A prolonged stretch of hot weather in southern British Columbia has seen tinder-dry forests burning for over a month. Out-of-control wildfires, evacuation orders, and dangerous to breathe smoke that blankets communities for weeks, are now annual events in the BC Interior.
On June 29, Canada’s highest-ever recorded temperature, 49.6 C, was reached in Lytton, BC. The day after, the village of 250 inhabitants was destroyed by fire — buildings razed to their foundations and the hulking wrecks of cars left smoldering.
The “heat dome” that covered much of western North America at the end of June, shattering temperature records, isn’t the only weather event making headlines. Forest fires caused by extreme heat and drought are releasing record carbon emissions from Siberian forests and driving Greeks to flee their homes by ferry.
The monstrous wildfires happening in the United States are the latest consequence of a 21-year drought in the southwestern US (and into the northern states including Oregon), as depicted in the latest map by US Drought Monitor. Red areas are extreme drought, brown areas show exceptional drought. The current dry stretch started in 2000 and hasn’t let up, putting it second only to a highly arid period in the last 1500s.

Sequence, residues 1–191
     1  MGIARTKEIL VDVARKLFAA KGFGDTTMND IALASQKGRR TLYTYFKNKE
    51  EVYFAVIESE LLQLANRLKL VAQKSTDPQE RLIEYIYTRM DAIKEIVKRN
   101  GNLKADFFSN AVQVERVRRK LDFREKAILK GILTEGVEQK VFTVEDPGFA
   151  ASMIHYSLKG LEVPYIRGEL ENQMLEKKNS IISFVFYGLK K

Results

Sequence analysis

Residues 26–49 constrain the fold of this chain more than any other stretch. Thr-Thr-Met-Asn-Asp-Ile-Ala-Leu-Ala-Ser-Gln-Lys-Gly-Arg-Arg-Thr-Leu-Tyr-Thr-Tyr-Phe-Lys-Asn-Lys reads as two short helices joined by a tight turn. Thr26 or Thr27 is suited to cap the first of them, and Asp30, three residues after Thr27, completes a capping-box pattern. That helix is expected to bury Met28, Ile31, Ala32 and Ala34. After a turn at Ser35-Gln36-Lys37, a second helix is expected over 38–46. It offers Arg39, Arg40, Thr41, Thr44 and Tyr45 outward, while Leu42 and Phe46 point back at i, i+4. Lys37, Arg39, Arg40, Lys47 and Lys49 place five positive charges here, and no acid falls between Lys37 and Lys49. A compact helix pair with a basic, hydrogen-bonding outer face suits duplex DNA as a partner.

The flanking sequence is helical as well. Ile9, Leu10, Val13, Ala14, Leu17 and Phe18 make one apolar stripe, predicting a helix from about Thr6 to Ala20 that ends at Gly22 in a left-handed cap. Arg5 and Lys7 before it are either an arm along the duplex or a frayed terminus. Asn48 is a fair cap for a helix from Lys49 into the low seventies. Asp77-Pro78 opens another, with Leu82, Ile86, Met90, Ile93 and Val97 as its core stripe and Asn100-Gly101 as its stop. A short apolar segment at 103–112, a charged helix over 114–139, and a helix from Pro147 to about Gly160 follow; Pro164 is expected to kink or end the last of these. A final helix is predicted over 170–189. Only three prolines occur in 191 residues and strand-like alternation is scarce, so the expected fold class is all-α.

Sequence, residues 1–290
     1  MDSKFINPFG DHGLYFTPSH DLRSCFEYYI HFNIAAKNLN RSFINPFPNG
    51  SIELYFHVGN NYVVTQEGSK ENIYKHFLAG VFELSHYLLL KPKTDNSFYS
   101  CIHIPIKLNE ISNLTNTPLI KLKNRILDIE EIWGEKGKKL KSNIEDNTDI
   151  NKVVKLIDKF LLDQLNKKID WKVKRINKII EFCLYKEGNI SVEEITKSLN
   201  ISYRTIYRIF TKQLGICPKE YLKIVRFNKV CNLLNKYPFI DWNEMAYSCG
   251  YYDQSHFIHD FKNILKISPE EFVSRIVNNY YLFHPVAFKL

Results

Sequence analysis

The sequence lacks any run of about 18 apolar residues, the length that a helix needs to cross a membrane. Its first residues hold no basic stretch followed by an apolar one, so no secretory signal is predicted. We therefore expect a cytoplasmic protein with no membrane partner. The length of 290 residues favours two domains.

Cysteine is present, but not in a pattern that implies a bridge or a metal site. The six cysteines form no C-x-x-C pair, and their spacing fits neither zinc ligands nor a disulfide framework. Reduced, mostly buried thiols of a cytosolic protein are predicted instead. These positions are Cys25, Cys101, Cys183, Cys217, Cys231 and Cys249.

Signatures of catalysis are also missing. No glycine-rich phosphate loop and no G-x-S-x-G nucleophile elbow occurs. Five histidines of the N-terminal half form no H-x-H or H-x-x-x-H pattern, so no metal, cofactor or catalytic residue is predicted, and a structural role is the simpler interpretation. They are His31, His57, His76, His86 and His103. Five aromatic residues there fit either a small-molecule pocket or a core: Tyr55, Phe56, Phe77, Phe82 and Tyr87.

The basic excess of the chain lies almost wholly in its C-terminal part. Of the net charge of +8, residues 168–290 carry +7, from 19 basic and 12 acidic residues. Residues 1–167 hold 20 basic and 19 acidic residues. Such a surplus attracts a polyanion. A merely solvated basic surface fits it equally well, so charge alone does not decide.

An estimated 579,614 acres of forest has been burnt in California, plus 400 structures destroyed (remarkably, there are yet no deaths). The nation’s largest wildfire, the Bootleg fire in southern Oregon, is currently at 413,765 acres, though luckily after burning for over a month it is 98% contained.
There have also been unprecedented rains followed by catastrophic flooding in China and Europe, and a flash frost in Brazil that killed most of the young coffee plants.
Earlier this week, tourists waded through ankle-deep water in Venice’s St. Mark’s Square.
In Barrie, Ontario, a tornado designated as EF-2 (wind speeds up to 217 km/h) slammed into a residential neighborhood destroying homes and injuring 11 people. The twister, not normally seen that far north, was one of five recorded in southern Ontario in June.
We don’t have to wait years for the worst impacts of climate change to occur. They’re already here.
A report this week by the United Nations’ Intergovernmental Panel on Climate Change (IPCC) says global warming is on the verge of becoming out of control (if it isn’t already), and warns that the world is certain to face further climate disruptions for decades if not centuries to come.
Drawing on more than 14,000 scientific studies, it gives the most complete picture yet of how climate change is altering the natural world and what could lie ahead.